After jurors in the inquest into the deaths of Diana, Princess of Wales and Dodi Al Fayed reached a verdict of unlawful killing, BBC home affairs correspondent Danny Shaw answers questions on what the impact of the findings could be.
WILL ANYONE BE PROSECUTED FOLLOWING THE VERDICTS?
No-one can be prosecuted in Britain for a crime committed abroad allegedly by a foreign national, even if the victim is British.
So any prosecution for the deaths of Diana and Dodi would have to brought by the authorities in France, because the deaths occurred there and none of the paparazzi allegedly involved was British.
Clearly no prosecution can be brought against Henri Paul, the driver, who died in the crash.
WHAT AVENUES CAN MOHAMED AL FAYED NOW PURSUE?
He could ask the French authorities to re-open their investigation.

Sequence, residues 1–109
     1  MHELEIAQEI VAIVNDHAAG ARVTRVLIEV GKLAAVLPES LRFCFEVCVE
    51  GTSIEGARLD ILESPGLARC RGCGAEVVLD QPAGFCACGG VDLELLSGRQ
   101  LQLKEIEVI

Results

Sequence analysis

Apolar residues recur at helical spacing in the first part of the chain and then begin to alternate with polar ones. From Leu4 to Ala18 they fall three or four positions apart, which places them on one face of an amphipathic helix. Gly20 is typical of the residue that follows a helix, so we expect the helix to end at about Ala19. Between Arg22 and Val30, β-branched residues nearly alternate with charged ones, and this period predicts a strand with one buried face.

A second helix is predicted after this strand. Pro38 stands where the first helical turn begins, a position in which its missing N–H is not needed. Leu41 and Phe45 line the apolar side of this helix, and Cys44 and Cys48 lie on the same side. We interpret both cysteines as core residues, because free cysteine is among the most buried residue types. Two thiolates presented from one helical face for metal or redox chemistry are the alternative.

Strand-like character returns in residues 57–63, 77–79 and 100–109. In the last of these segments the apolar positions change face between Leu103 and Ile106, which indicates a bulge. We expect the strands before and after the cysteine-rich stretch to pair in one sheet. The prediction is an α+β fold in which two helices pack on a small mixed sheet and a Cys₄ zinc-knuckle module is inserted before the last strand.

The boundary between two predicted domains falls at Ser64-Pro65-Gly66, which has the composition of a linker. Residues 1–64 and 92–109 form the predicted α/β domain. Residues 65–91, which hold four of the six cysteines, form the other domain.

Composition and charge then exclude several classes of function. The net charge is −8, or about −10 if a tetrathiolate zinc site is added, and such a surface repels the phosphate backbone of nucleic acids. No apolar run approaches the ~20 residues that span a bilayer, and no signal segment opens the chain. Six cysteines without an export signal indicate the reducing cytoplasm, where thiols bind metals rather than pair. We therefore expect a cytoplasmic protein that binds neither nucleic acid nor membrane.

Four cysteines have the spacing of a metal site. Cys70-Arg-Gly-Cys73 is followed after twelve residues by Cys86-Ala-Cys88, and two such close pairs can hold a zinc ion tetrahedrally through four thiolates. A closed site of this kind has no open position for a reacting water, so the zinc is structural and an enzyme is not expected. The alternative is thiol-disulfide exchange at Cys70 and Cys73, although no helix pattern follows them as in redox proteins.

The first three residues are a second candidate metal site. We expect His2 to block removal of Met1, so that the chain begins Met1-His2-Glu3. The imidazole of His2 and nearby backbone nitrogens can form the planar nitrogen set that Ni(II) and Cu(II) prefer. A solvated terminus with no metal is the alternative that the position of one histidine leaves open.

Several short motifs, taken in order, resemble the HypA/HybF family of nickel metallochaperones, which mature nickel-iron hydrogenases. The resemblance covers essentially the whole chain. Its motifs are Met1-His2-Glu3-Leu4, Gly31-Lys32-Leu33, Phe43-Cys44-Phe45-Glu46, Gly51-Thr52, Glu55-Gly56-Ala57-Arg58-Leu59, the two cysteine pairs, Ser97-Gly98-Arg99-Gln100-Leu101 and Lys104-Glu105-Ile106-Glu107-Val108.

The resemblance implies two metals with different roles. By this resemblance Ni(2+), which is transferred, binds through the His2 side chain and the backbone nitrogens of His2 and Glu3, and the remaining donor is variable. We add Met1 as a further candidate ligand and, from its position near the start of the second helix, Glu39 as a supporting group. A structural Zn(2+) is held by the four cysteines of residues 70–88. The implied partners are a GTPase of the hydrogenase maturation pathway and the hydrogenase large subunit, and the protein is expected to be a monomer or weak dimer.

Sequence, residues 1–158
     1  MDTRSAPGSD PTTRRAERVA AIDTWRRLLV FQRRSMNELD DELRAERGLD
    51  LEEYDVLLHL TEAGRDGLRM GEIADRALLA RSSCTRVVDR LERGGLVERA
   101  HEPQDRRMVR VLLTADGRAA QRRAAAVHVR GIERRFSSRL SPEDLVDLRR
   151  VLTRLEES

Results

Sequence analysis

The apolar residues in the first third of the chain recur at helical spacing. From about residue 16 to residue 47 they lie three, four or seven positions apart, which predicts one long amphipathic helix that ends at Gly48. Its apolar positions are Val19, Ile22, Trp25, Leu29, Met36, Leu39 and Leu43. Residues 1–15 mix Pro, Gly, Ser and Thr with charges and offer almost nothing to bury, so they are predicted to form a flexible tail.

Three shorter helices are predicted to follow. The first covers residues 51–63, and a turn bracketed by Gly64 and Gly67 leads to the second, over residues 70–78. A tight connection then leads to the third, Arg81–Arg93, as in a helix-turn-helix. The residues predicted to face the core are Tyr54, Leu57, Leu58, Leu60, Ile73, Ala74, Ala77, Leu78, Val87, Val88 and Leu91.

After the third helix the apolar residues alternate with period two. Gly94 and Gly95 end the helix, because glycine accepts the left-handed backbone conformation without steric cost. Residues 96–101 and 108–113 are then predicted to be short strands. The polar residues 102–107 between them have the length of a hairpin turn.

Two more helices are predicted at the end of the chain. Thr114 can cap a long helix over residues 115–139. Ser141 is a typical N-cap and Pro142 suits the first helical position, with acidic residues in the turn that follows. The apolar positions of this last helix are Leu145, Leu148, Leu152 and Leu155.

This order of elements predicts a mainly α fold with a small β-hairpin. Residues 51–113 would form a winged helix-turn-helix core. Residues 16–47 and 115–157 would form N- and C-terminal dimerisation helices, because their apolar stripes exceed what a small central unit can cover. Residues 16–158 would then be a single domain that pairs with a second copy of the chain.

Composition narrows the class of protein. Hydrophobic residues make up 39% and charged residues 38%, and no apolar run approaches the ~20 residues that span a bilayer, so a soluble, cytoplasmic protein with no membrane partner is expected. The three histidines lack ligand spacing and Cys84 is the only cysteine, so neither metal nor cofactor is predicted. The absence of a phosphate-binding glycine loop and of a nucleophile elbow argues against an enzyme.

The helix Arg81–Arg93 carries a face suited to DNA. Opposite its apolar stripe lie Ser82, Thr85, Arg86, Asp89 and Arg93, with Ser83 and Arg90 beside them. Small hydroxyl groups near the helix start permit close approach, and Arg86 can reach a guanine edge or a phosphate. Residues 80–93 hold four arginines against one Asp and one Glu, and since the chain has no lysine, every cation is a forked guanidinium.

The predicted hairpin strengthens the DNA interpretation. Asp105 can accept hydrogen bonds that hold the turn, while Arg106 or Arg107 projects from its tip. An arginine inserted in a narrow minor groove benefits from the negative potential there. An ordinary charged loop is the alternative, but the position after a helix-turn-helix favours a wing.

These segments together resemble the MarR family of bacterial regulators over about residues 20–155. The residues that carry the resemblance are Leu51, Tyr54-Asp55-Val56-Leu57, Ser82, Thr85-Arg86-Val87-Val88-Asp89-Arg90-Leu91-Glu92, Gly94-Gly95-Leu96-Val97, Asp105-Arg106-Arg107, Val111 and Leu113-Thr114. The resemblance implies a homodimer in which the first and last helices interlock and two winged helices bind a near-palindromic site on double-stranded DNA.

Mohamed Al Fayed could ask the French to re-open their investigation
Previously the French had refused to prosecute any other photographers for manslaughter, or contributory negligence - although three of them were tried and convicted of breaching privacy laws.
He could argue that with the unlawful killing verdicts, the French should examine any new lines of inquiry thrown up by the inquest.
He could seek to challenge the inquest verdict in the High Court. To do so, he would have to show that the coroner had made a significant legal mistake or had misdirected the jury.
HOW ARE THE FRENCH AUTHORITIES LIKELY TO REACT?
The French carried out an exhaustive inquiry into the deaths. This was followed by Lord Stevens's inquiry conducted on behalf of the coroner, which backed up the French investigation.
So the French would need some convincing that the investigation should be re-opened.